Text: Lydia Somerville
Photos: Jean Allsopp
Styling: Eleanor Lynn Nesmith
When Margie and Barry Boan bought the 1970s house on the shore of Lake Martin, they envisioned it as a refuge for their family and friends. But first, they had to exorcize the design demons that kept it locked in ’80s limbo. Heavy, dark woodwork and Spanish tile floors established the dated vibe, with granite counters and swagged damask draperies adding the final flourish.
They enlisted the design group Defining Home to give it a complete makeover. Changes included raising ceilings to 10 feet, moving and enlarging the kitchen, tearing down the garage and replacing it with a two-story guest suite and playroom, and installing an infinity pool overlooking the lake. “When we got it down to the studs, we stopped and considered just tearing it down, but the clients wanted a big one-level house with separate spaces for children and adults, and that is what our drawn plans gave them,” says Tom Adams, whose designs for second homes have become ubiquitous at Alabama’s beautiful lakes.
Oddly, the original house turned its back on the lake. “There were lots of views of the driveway,” recalls Logan Thornton, who worked as project manager on the architectural makeover. The architecture team moved hallways to the side of the house facing the lake, keeping the landscape in view as one moves through the house. “When you enter the front door of a lake house, the first thing you should see is the lake,” says Adams. That view is now framed by new double doors that eliminated a dated truss design and raised the fireplace up to a newly raised ceiling. The large room offers sight lines to the screened porch, the bedroom wing, and the den. It also connects to the kitchen, making it the true heart of the house.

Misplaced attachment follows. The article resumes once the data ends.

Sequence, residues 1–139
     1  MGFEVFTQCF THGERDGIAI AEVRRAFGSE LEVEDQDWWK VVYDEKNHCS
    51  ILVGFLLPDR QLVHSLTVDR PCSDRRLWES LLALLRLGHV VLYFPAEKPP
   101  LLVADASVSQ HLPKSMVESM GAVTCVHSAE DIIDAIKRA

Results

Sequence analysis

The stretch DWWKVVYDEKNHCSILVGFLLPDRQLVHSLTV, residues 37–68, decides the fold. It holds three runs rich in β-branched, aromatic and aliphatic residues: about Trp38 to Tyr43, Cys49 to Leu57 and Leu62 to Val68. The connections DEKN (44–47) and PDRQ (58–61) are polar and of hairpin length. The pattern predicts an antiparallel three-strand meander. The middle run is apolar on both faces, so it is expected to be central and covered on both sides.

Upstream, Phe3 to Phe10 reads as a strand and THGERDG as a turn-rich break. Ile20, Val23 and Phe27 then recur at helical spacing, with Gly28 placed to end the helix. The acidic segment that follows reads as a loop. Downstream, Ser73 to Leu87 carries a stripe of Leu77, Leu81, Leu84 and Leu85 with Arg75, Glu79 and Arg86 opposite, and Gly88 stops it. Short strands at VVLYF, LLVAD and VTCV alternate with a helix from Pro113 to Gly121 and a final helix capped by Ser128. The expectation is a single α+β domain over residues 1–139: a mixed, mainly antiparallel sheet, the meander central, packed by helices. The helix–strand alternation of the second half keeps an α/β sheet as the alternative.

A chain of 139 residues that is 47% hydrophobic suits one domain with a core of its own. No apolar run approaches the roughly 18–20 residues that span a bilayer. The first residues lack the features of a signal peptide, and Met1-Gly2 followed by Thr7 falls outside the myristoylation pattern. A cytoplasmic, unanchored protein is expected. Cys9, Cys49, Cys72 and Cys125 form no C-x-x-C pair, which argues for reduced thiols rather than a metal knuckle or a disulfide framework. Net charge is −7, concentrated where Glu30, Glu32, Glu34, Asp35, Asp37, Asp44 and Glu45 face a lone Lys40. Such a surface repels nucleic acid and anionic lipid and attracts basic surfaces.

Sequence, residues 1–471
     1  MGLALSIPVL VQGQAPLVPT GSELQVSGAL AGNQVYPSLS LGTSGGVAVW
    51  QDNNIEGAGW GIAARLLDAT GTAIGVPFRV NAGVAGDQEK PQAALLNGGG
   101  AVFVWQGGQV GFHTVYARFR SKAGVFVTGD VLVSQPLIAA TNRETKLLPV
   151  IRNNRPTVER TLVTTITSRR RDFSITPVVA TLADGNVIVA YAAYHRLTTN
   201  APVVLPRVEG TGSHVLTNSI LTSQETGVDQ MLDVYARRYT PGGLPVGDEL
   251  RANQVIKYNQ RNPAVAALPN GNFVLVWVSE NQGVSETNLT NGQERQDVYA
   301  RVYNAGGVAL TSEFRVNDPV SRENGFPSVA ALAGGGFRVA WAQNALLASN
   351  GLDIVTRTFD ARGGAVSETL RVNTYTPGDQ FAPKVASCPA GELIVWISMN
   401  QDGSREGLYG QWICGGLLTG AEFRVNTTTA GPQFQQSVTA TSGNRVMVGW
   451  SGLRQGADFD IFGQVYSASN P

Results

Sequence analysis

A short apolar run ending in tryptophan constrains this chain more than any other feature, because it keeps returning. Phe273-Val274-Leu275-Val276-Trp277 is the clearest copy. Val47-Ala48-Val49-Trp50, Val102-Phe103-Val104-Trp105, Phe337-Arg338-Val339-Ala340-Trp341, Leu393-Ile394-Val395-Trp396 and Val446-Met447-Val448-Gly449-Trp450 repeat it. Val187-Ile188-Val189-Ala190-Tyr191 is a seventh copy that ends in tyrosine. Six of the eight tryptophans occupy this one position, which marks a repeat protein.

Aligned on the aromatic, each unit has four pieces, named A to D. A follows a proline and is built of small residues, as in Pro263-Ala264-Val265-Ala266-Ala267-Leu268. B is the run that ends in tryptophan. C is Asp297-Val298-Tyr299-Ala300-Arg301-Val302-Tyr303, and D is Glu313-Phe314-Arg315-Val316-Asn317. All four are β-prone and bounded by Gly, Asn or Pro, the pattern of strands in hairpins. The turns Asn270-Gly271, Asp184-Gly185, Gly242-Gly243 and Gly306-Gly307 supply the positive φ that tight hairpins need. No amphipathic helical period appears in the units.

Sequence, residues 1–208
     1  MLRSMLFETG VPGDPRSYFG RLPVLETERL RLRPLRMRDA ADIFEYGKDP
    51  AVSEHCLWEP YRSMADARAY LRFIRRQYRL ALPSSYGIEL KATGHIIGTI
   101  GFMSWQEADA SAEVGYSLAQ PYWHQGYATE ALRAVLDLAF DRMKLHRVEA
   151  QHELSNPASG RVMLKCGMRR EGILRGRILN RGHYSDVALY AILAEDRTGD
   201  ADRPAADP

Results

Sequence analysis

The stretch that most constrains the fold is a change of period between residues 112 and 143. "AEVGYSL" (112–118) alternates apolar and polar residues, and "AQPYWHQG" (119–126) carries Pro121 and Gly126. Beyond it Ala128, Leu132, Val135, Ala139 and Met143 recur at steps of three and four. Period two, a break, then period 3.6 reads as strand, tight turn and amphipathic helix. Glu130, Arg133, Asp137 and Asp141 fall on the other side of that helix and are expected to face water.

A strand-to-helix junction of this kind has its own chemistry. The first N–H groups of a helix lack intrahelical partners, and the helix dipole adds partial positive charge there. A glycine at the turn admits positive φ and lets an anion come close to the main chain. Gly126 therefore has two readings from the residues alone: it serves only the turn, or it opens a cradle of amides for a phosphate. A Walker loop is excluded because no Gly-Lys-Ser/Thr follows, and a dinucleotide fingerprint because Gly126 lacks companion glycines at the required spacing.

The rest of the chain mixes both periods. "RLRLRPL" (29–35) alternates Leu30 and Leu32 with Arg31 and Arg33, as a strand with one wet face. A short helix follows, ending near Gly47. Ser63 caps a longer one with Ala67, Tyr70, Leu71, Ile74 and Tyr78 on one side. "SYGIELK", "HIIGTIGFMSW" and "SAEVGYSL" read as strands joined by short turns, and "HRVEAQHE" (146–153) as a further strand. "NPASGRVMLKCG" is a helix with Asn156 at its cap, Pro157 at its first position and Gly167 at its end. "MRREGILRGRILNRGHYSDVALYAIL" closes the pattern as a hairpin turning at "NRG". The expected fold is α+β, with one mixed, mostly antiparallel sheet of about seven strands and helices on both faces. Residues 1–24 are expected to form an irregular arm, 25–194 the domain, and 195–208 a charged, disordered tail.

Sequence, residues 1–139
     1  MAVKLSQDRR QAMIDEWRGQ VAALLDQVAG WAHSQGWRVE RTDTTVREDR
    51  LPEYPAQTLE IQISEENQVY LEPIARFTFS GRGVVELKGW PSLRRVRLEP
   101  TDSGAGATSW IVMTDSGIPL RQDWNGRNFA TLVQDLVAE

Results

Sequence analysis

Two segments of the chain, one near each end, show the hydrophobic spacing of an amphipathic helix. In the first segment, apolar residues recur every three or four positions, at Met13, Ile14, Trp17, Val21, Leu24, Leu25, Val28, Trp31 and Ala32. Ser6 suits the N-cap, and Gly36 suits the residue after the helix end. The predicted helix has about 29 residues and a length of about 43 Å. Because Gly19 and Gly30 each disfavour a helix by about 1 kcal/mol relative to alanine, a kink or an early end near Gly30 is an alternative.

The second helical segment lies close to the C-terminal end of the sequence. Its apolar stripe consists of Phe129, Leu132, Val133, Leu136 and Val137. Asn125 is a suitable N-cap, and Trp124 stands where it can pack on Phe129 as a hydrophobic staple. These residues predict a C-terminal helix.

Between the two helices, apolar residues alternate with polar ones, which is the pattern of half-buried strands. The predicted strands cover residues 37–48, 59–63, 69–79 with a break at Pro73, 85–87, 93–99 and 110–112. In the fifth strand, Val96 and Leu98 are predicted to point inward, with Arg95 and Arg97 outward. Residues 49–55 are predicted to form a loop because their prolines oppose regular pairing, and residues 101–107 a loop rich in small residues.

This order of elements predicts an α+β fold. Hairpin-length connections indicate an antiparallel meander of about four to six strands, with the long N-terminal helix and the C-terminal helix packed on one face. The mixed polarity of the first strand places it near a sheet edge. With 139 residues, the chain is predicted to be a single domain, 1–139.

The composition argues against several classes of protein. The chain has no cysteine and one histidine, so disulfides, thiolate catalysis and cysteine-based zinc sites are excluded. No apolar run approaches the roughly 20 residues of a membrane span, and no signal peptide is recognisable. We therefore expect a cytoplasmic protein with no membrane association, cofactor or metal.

Marie Noojin of Defining Home’s interior design team spearheaded the light and fresh new look. “Margie loves fabrics and drapery, so we were able to work a lot of blue and green to reflect the lakeside setting,” says Noojin. “The great room in the old house was a vast space with the furniture all grouped together. It seemed dwarfed by the space. We spread it out into two groups and let it breathe. The layered rugs add warmth.”
In the formerly small and dark kitchen, the team brightened things up with white oak cabinetry and floors, adding pecky cypress inserts on the built-in cabinets for another natural texture. Bench barstools have a substantial presence at the long island. A former man cave trophy room was transformed by the team into a sophisticated lounge with a pool table, comfortable sectional, and walls paneled in pecky cypress. It’s a warm, tailored room accented with a light touch. The wet bar in the lounge is richly elegant, with a pressed zinc countertop and stamped metal sink.
The team also achieved a major transformation on the outside, breaking up the large expanse of lawn leading to the lake. “We broke up the mass with layers of terraces and the infinity pool, which sits above the lake but seems to merge into it,” says Thornton. With guests on ledge loungers floating in the shallow water and groups gathered on the screened porch, the lake finally gets the attention it deserves.